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[2] Two Sources of ICE Uncertainty

When comparing two treatments (T vs S) on both effectiveness and cost, it is essential to have data from a sample of patients on treatment T as well as comparable data from a sample of patients receiving treatment S.  When treatment "cross-over" is ethical (usually, when the underlying disease condition is chronic), these two samples of data can come from the same patients.  This latter situation is much easier to treat (by forming individual differences on cost and effectiveness) but is not common; most curable disease states are acute rather than chronic.

The endogenous, statistical uncertainty within two samples of data about what could be the unknown, true overall average differences due to treatment choice is intrinsic to scientific ICE inference. This uncertainty can be directly addressed using a wedge-shaped bivariate confidence region ...a natural extension of a (univariate) confidence interval to two-dimensional (cost and effectiveness) data ...that has (0, 0) as a limit point (never as an interior point) of the region.  From this purely statistical perspective, Lambda is little more than an unimportant nuisance parameter because the resulting confidence wedge is equivariant (commutative) under changes in Lambda.

At the opposite extreme, traditional economic approaches (such as "net-benefit") attempt to convert ICE inference into a univariate problem by first converting effectiveness differences into measures of cost (or utility.)  Unfortunately, this introduces a second, external source of uncertainty ...about choice of Lambda... and, thus, about what might be a "fair" way to do the effectiveness-to-cost conversion!  This additional exogenous uncertainty applies to all potential treatment comparisons and really needs to be kept separate and treated differently from the statistical uncertainty intrinsic to a specific (T vs. S) treatment comparison.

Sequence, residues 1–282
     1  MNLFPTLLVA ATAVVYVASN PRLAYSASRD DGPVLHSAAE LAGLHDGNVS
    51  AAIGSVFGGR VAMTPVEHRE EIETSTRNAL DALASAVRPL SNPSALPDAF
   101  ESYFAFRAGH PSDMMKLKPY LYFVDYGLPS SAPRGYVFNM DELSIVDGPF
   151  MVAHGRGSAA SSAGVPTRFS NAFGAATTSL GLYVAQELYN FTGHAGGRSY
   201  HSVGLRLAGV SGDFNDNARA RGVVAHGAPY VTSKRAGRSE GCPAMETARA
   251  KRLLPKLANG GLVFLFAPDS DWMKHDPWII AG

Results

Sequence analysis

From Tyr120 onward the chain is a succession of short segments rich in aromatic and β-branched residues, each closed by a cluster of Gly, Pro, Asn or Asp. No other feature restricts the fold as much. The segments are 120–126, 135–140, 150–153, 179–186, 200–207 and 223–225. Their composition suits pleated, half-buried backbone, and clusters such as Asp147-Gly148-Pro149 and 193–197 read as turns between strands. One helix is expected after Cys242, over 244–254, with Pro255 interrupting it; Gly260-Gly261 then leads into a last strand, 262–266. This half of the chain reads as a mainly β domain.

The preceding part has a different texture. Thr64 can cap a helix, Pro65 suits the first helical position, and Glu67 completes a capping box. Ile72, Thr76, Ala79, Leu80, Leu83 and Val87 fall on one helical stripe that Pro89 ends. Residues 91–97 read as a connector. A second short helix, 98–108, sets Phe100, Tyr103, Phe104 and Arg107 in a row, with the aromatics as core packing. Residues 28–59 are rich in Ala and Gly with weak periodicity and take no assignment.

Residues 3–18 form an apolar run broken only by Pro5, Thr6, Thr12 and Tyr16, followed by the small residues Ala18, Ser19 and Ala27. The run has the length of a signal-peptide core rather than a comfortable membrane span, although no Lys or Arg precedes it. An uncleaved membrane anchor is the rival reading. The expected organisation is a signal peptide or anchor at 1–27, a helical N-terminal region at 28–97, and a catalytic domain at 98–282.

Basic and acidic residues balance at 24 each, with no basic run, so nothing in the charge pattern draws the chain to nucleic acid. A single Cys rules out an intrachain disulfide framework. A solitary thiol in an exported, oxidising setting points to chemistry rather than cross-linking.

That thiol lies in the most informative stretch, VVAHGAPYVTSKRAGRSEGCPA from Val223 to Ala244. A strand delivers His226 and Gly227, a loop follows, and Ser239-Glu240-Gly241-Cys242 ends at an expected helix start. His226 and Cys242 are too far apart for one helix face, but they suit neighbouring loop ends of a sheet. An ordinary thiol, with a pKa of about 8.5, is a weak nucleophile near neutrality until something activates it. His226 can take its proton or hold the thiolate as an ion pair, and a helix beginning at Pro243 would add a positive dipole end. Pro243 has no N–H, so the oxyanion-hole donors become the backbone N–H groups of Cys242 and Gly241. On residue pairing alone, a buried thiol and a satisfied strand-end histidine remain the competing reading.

Implied Linear NB Preference Distribution when Lambda = 0.26

More Favorable? Linear NB Preference Distribution when Lambda = 2.6  NO!!!

The second histogram above, for Lambda = 2.6, has a bigger and longer Negative, Left-Hand Tail than the first one for Lambda = 0.26.  In other words, while the larger numerical value for Lambda does assign higher, positive numerical preference values to some bootstrap ICE uncertainty outcomes within the NE quadrant, it also assigns many less positive numerical scores to more bootstrap outcomes within the SW quadrant!!!  Anyway, it is now clear that (due to injection of exogenous, economic uncertainty and inconsistency), using a larger numerical value for Lambda does not automatically produce a comparison more favorable to the new treatment, T.

Obenchain(2008) discusses graphical ways to literally "see" distinctions between these two alternative sources of uncertainty and, ultimately, to eliminate economic uncertainty about Lambda by keeping its value held fixed.